Being a young entrepreneur vs climbing the corporate ladder
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Being a young entrepreneur vs climbing the corporate ladder

12 June 2018 BUSINESS


By Zuko Komisa

However, with the option for many young people to spend their time studying, sifting through career portals, and staying in their respective careers, what is the reality of entrepreneurship in South Africa? With a system and a mindset that seem to perpetuate a conventional life trajectory, how can we stop young people from ignoring the possibilities that entreprenuership could bring?

Among some of the fears associated with opening a business and venturing into unfamiliar territories, many young people face the reality that there is too much month at the end of their money to sustain their lifestyles. Money matters extend into the difficulties that can arise when looking for funding, the resources needed to set up a business as well as the adminstrative costs. The majority of small business owners are self-funded with many small business owners using personal savings while looking for potential investors in other avenues. It is no secret that the fears in venturing off into becoming a business owner for young people is there. We simply need to ask ourselves if the leap outweighs the fall.

Solving a Problem

The genesis of any business comes from solving a problem, with most business ideas being born out of experiences, successful businesses are those that find a need and fulfill it, living in the moment and creating a solution.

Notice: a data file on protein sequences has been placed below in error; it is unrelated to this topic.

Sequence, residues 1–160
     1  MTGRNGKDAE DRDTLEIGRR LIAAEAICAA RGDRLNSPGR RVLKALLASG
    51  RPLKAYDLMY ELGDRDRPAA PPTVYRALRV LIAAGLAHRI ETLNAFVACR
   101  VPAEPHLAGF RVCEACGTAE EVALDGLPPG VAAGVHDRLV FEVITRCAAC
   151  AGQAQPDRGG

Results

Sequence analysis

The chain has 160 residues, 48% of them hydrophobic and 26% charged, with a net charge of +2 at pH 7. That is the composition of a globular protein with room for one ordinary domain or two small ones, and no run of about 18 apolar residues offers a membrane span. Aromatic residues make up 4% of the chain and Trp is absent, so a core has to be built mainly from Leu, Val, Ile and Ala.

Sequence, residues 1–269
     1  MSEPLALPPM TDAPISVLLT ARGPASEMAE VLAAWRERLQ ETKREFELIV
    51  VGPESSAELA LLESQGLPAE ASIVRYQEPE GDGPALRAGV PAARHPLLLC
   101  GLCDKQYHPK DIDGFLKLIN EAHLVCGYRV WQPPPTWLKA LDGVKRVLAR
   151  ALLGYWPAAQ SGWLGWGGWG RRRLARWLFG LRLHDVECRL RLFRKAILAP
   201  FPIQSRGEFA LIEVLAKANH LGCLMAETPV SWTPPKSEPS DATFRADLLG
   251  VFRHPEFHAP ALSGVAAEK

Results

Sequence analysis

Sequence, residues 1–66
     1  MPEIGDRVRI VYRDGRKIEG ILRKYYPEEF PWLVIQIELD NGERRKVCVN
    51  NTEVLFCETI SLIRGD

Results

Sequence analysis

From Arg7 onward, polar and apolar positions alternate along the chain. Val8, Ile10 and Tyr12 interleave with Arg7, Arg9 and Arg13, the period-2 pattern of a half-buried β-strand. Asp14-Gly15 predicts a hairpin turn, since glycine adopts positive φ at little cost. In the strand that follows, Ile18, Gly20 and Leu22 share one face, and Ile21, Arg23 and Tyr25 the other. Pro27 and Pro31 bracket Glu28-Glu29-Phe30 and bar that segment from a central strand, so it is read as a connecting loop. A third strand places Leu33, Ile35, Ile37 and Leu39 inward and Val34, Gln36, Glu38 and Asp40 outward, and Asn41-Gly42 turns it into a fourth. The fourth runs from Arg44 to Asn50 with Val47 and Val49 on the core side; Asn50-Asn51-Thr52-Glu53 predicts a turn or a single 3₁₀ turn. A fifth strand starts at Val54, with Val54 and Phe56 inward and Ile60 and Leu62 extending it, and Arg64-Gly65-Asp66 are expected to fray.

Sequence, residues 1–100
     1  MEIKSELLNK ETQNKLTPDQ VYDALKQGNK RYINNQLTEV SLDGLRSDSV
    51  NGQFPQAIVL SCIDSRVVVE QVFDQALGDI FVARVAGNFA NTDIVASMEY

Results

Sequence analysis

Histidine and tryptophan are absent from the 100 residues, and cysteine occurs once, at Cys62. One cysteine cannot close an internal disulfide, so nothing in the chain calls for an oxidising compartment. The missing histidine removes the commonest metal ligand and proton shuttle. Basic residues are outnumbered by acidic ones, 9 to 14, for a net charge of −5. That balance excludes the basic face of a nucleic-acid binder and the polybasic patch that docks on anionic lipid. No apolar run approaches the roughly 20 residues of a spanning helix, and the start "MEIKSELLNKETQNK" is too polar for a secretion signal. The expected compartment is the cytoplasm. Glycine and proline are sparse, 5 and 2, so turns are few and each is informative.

Learning to operate a business requires a lot of resilience and experts have advice starting very early on in life makes it easir to achieve this. Many base their success on Malcolm Gladwell’s theory of 1”0 000 hours”. Gladwell implies that spending 10 000 hours of “deliberate practice” on anything will make you a master at it.

Running a business means sacrificing. It means having to work more than 8 hours a day. Many entrepreneurs can probably show that that they have not taken time off for an entire year. In the long – term running your own business has many benefits, with the biggest being that you will be making more money than you would have to work for someone else.

Who Should Start a Business?

The drive to get young people to start businesses has created this notion that everyone can be an entreprenuer. There are many young people that don’t want the burdens of uncertainty, and the inability to enjoy the benefits of a consistent paycheck at the end of the month. Not everyone wants to be an entrepreneur, not everyone wants to be someone’s boss. If we were all entrepreneurs, who would be the employee.

While the dream of entreprenuership is sold, very few ‘experts’ put emphasis on how hard it is in the early years, how many time you will fall on your face and have to get up, how much money you will loose in your persuits, how much time you will need, the consistent acquisition of knowledge, innovating in new spaces, and understanding the difference between working for a business and working on the business.

This however doesn’t mean that it’s impossible to start and run a succesful business as a young person. It simply means you need a really thick skin to take it on, the country needs to hire more people for the economy to grow. This generation of youth in South Africa has so many opportunities to thrive in the field of entreprenurship, the world is our oyster.


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